It’s the end of the decade, and you’ve been looking at smartphones of the past decade and plenty of rethinking around technology in general – but what about the future, and technological advancement? How will smartphones change over the next 10 years? We’ve seen some of the trends of the 2010s, and especially of 2019, and we’ll see where these trends are headed by 2030. We’ve seen everything from foldable phones to USB ports and 6G. It is worth pointing out that these ulation hazards are completely and completely off, so by the time 2030 arrives, the smartphone industry will be completely different to the way we refer here.
Foldable phones in the future
Launched phones with multiple devices such as the Samsung Galaxy Fold and Motorola Razor 2019 really hit the public eye in 2019 (though not available for purchase in the second year), and they are going to be more and more popular. So, by 2029, can we all have foldable phones? Well, it depends on how the phone companies navigate over the next few years. For now, foldable phones are often considered interesting gimmicks, but most people (other than tech fans) don’t consider buying them as their next phone. This is because they are so expensive, and because the software has not been developed, it really does make the form factor more. So if the next few years bring affordable phone durable phones, more importantly, some functions are crucial, people will jump on board. Ten years is long, and folding phones can quickly become affordable and useful, but it depends on how willing people are to eliminate the tried and tested form factor of ‘normal’ phones.
Will 5G and 6G be popular?
5G is already out and is in many countries, though it remains to be seen how much time people will have to travel with tech by the end of 2019. Its extra speed does not mean much to people in high-speed areas, where 4G is already faster than most people need, and applications that use a high-speed connection have not been launched. In the years to come, companies will follow the pattern of every 5-generation connectivity, launching 5G phones and lower 4G phones to the point where it is ‘normal’ to buy a 5G phone, just like you bought a 4G phone. This is low because people need a high-speed phone, and most devices on the shelves are 5G, with fewer (or not) 4G options By the end of the decade, we may even see a mention of 6G (which Donald Trump is already demanding), but we need to see how much people take to 5G, and if we still need fast connections, before we know for sure.
The future of front-facing cameras
What’s the biggest difference between different smartphones these days – does your phone have a big notch like the iPhone, a punch-hole cutout, pop-all companies like the TearDrop Notch and a lot of Samsung phones, or something else entirely? Well, future phones don’t have any of the above – front-facing cameras may actually be on display. Oppo has already shown this tech and other companies are working on it too. This method removes the front snapper from view, so it does not take up the screen space, but also the interior space (such as pop-ups). So what about the camera? By the end of 2019, we have seen some smartphones using two front-phasers, one for snapping pictures and a secondary snapper for depth sensing, for more precise background opacity. We hope that this trend will be further established in the coming years, and especially in 2030 – selfies are one of the main types of images you can take on your phone. Phones can introduce an ultra-wide front facing camera for group selfies, with depth sensor or software to create background blur for the whole group.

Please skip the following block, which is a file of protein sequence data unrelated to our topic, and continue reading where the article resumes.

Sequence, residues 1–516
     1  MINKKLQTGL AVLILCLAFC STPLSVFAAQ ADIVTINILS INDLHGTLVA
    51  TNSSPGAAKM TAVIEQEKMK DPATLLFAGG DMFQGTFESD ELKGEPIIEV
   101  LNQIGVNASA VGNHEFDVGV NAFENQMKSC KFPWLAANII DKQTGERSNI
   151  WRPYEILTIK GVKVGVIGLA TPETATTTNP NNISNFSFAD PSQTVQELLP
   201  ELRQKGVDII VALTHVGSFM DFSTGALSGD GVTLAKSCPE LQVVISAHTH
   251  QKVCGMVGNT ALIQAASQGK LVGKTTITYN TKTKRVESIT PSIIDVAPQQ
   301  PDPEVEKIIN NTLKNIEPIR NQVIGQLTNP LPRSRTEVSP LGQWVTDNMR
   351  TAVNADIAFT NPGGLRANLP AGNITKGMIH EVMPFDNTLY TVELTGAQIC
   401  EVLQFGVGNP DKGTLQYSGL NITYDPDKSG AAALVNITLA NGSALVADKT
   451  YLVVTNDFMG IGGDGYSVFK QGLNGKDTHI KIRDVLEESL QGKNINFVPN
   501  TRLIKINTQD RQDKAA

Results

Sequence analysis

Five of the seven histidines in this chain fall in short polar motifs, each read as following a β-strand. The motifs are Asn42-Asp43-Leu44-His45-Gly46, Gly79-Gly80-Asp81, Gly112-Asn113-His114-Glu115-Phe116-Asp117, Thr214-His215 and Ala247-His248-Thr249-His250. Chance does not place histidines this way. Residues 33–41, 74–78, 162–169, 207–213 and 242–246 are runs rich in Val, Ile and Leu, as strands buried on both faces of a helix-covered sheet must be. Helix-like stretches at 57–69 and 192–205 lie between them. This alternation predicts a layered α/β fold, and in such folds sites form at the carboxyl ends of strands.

Many phones are already leaving the 3.5mm headphone jack, and by 2030, those things will become old history – which is surprising if many phones are to be ported in 2020 as well. As more and more consumers move towards wireless headphones, the number of phone users who physically plug their headphones into their smartphones will decrease, and in ten years, after years of advances in Bluetooth technology, we will be surprised if many use wired headphones. Even more uncertain is the USB port to plug your phone into a computer or charger. We have already seen some prototype phones without this port, because handsets rely on Wi-Fi, mobile data, or NFC options to enable wireless charging and send information and files to the computer. Wireless chargers are becoming more popular and more importantly the faster you power your device, the less reliance people have on physical wires, making the port more unnecessary. Thus, it echoes the use of wireless headphones, and portable smartphones may become the new norm by 2030.
More rear cameras?
You may think that the future will bring you phones with plenty of smartphone cameras, many more than now, and it may not end: there are only so many different types of lens, so we will soon take a step closer to adding more lenses. No, in fact, the real change may be the megapixel count – the highest resolution on the smartphone at the end of 2019 is 108 MP on the Shiomi Mi Note 10, but by 2020 it looks like many phones will fit it. In ten years, though, that number could be through the roof. Well, at least five times closer to the ceiling. Scientists estimate that the human eye will see approximately 576MP, but it will accurately image an image right in front of your face, so if you are looking at a hand-held phone and have no blurry vision, that number will be higher than you ever need. So people don’t need cameras that have very high megapixel counts, and it would be a surprise if phone companies decide to even reach 576MP. Progress in megapixel computing will see more than the number of rear cameras in 2030.